With the likelihood of a drought year ahead, a multitude of gardening questions and worries loom over us. Some, such as whether or not to remove a lawn, have sensible answers for most of us. Every year, a good-looking lawn requires far more water than many other plants or even a swimming pool.

But other dilemmas aren't so obvious. We may have to make difficult choices about which shrubs and perennials to save and which to remove based on their water consumption.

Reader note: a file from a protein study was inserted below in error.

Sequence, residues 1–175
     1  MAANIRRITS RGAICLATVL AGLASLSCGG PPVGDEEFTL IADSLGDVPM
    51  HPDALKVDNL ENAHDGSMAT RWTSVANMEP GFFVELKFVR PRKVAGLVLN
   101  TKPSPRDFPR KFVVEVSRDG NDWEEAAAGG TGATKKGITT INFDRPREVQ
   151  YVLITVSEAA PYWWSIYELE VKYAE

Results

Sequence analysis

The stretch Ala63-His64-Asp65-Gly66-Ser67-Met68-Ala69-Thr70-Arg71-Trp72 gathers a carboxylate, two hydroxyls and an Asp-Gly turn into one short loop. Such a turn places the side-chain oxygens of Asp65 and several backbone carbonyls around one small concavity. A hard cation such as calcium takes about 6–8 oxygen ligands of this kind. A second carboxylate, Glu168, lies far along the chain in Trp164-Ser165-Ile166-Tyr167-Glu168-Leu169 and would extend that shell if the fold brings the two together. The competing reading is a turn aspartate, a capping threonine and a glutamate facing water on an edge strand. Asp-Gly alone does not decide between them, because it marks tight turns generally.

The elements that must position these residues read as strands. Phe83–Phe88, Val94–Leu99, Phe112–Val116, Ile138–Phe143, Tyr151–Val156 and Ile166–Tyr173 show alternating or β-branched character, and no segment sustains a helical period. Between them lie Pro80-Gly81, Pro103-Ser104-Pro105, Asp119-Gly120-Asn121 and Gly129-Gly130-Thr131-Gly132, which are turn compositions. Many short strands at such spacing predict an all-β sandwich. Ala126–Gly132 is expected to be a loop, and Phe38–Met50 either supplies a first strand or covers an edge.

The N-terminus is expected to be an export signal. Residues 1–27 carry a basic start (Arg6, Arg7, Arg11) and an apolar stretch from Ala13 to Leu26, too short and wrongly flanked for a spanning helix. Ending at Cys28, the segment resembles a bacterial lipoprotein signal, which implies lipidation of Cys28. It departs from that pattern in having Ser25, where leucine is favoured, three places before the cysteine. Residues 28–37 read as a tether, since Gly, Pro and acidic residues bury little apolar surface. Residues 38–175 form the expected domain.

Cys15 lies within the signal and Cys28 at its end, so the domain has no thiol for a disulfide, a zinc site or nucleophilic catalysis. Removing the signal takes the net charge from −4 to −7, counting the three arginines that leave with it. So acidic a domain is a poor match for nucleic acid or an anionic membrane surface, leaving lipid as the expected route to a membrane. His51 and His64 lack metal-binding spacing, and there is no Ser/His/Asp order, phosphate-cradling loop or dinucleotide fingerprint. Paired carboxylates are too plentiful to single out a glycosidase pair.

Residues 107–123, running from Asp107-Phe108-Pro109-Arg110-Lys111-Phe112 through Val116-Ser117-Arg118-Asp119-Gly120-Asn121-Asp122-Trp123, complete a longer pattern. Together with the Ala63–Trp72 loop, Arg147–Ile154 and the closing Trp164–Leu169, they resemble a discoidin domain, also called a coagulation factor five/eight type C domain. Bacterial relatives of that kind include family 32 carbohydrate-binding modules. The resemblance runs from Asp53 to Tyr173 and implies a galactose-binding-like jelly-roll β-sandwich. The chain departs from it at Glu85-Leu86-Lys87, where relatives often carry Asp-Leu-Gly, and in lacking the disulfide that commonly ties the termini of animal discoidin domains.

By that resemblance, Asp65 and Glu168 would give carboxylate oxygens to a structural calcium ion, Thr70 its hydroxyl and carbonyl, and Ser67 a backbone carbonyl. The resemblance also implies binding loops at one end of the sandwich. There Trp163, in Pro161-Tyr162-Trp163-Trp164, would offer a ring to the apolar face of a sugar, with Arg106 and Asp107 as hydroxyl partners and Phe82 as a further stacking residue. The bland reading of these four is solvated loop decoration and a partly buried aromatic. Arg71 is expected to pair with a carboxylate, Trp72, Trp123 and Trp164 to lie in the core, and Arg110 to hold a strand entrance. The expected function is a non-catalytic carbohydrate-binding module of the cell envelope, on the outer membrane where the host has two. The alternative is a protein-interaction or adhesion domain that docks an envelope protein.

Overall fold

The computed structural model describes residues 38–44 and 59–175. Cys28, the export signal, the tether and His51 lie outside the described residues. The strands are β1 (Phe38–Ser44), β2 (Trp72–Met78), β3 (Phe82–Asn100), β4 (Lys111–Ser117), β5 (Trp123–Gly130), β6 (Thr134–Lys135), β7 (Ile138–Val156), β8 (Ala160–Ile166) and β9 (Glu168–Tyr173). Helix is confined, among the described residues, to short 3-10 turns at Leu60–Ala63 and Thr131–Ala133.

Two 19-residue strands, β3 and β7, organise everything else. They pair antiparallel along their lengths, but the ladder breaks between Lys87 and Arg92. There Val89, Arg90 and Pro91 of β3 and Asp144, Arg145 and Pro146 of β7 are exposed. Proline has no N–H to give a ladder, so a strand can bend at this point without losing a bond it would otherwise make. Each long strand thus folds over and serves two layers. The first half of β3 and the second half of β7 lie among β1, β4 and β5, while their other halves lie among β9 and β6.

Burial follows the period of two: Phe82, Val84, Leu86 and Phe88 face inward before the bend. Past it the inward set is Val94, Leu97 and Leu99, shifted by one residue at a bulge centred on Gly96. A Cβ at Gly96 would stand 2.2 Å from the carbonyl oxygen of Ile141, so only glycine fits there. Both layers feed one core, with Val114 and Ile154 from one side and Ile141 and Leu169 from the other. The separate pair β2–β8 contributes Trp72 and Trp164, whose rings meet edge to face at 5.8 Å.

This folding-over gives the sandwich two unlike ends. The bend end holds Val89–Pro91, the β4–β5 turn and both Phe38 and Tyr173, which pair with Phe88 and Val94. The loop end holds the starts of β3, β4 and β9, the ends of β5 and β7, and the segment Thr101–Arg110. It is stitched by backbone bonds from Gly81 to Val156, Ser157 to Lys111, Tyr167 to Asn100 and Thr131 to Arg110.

Gardens with established California natives and other Mediterranean-climate species are well ahead of the game and should survive with minimal irrigation. But in gardens where such plants just went in the ground this past fall in anticipation of winter rains, irrigation over the next few months in absence of rain will be critical in helping them develop a strong enough root system to survive drought.

Exotic species that demand moderate to heavy or constant moisture may not survive if our rains fail to bring the moisture to which we've grown accustomed.

Rosemary McCreary, a Sonoma County gardener, gardening teacher and author, writes the monthly Homegrown column for The Press Democrat. Write to her at P.O. Box 910, Santa Rosa95402; or send a fax to 664-9476.